Al Batt: Certain bird seeds are better fits for types of feeders

Published 10:08 am Wednesday, December 2, 2015

Echoes from the Loafers’ Club Meeting

The world is becoming too crowded.

That’s true.

Email newsletter signup

Yet, it could use a lot more like me.

Driving by the Bruces

I have two wonderful neighbors — both named Bruce — who live across the road from each other. Whenever I pass their driveways, thoughts occur to me, such as: How the roll of toilet paper hangs doesn’t really matter. Over or under is but a tiny comfort. What matters is that the toilet paper is there.

Thanksgiving memories

I was thankful. No one had burned the gravy. I’m thankful all year. Especially about gravy. Gravy covers a multitude of sins.

One day, she was counting her blessings. The next day she was sleeping on the streets. She was waiting for a store to open. A hunter-gatherer, one of millions shopping on the day after Thanksgiving. That’s what Black Friday does to a somewhat sane individual. She’d taken a self-defense class in preparation of going shopping on Black Friday. Sleeping on the streets for a chance to win a $10 gift certificate or to pay for a trophy TV. George Carlin said, “Some national parks have long waiting lists for camping reservations. When you have to wait a year to sleep next to a tree, something is wrong.”

I’m thankful that shopping makes people happy. I’m thankful that I don’t go shopping on Black Friday.

I’m thankful that things that shouldn’t be flavored with pumpkin will no longer be flavored with pumpkin.

We’re never far from where we’re from

We played musical chairs in school. Yes, chairs played musical instruments in those days. Our mothers offered meals with two options — take it or leave it. We ate hotdog relish, mustard, catsup, and onions without the hotdogs in restaurants that advertised “Free condiments.” We listened to cassette tapes intently. You never knew when you were listening to a fragile tape for the last time. A black magic marker that had run out of ink was kept in a drawer as a historical marker. Fishing wasn’t catch-and-release. It was catch-and-eat.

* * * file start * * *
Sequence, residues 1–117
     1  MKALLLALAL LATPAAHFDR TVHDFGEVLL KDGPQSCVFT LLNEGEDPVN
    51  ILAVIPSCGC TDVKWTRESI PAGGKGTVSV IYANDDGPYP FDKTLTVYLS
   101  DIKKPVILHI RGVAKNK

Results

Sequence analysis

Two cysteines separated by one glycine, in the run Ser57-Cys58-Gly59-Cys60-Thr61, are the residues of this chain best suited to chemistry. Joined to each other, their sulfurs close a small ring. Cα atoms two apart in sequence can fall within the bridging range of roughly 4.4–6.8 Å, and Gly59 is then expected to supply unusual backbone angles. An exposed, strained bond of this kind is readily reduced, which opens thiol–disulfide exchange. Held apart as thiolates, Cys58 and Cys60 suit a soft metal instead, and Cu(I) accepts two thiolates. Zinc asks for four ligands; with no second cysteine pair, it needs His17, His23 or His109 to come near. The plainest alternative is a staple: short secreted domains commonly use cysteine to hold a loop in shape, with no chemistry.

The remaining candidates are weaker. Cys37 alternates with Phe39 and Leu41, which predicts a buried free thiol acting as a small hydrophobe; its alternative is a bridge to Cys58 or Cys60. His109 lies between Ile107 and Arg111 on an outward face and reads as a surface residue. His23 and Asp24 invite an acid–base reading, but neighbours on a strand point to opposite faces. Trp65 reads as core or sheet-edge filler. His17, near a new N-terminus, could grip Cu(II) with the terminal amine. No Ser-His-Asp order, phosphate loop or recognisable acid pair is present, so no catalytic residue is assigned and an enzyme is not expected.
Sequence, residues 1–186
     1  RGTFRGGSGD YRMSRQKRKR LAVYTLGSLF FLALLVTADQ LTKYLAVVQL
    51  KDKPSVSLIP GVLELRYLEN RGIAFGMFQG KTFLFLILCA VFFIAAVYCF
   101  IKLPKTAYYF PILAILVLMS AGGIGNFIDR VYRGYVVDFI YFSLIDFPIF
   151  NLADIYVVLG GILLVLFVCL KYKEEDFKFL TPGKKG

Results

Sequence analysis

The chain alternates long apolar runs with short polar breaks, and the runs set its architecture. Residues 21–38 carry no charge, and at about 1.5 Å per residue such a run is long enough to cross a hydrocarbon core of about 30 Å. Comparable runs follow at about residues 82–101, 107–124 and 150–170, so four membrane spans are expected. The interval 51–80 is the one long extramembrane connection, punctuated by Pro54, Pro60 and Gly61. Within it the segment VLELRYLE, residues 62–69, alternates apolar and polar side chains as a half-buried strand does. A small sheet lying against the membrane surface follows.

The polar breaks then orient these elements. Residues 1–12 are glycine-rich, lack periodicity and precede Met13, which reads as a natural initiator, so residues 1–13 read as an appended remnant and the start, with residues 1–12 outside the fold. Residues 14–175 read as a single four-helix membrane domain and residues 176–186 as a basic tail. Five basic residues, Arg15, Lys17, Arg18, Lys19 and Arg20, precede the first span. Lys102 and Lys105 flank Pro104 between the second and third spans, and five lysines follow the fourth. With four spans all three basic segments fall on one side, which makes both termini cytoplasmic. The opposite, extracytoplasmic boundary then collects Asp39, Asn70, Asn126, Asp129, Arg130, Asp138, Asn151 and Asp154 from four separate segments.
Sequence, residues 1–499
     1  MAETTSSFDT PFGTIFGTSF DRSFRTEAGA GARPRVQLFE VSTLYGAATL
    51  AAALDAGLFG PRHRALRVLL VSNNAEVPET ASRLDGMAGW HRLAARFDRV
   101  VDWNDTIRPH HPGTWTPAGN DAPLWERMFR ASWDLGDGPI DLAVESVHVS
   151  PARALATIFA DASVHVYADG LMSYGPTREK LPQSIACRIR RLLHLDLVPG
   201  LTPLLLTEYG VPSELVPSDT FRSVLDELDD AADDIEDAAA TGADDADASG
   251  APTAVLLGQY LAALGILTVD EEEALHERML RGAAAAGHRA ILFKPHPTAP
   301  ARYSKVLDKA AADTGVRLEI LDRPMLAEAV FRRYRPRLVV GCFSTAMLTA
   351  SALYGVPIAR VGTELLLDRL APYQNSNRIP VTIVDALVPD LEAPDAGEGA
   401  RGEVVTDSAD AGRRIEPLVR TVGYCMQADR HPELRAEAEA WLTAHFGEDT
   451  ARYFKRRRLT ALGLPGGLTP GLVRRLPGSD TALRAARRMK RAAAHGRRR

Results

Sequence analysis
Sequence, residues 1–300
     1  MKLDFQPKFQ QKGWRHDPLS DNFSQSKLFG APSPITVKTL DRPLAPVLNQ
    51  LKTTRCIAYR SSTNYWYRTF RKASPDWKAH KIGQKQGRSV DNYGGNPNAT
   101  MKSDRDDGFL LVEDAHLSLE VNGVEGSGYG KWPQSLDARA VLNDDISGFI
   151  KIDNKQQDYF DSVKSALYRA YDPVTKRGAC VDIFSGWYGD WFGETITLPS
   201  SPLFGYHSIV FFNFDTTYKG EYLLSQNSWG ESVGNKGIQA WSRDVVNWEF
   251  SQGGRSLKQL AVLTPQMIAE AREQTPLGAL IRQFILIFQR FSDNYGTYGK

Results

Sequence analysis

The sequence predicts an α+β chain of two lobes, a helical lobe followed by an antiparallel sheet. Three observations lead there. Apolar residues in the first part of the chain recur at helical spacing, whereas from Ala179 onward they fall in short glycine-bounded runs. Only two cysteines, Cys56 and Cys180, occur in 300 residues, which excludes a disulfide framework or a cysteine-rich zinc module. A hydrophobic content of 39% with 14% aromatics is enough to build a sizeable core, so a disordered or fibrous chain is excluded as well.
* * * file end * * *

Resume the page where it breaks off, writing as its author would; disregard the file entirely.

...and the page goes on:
“What seven-letter word becomes longer when you remove a letter.”


That passed as intellectual conversation during the year that one of my classmates at Summer Bible School ate my macaroni art project. It was a compliment.

It was that summer that I found a 50-cent coin on the sidewalk. Fifty cents bought a lot of black licorice or baseball cards accompanied by bad bubble gum. That coin was walking around money that inspired me to walk around. After I’d discovered the money, I spent the rest of the day walking around with my head down, searching for more money. I missed seeing many wonders of the world by concentrating on monetary rewards. I learned my lesson when I saw stars. No, they weren’t the stars that come out at night. They were the stars that suddenly appeared when I walked into that street post.

Ferry tales

I’m a member of the Ferry Tale of the Year Club. Each year, I take a couple of trips on a ferry operated by the Alaska Maritime Highway. It’s a delightful way to travel. The last ferry I was on was the LeConte. It had no gift shop. I like that, although offering a postcard or two would be a nice touch. I send at least one postcard a day to someone who made a difference. I led tours for years, going here and there. I spent so much time in gift shops while doing my job, that I was purchased four times by tourists.

On the ferry, I talked to a fellow who told me that when his father was dying, he’d asked his son to bury him the cheapest way possible. The dutiful son said he would, but admitted that he didn’t get the cheapest casket available. He couldn’t do that to the old man. He bought the second cheapest casket.

I met Jay Proetto in Haines, Alaska. We talked and I enjoyed his company. We’d both worked with sandhill cranes. We were strangers no more. I expected to see the retired park ranger again, to visit with him again. He died a couple of days later. Endings speak of beginnings. We’d better enjoy the day. It might be all we have.

Nature notes

Birdseed mixes with much millet are good for platform feeders, not tube feeders. Seed blends high in sunflower seeds and peanuts work well in tube feeders.

Meeting adjourned

Olin Miller said, “You wouldn’t worry about what people may think of you if you could know how seldom they do.” Be kind anyway.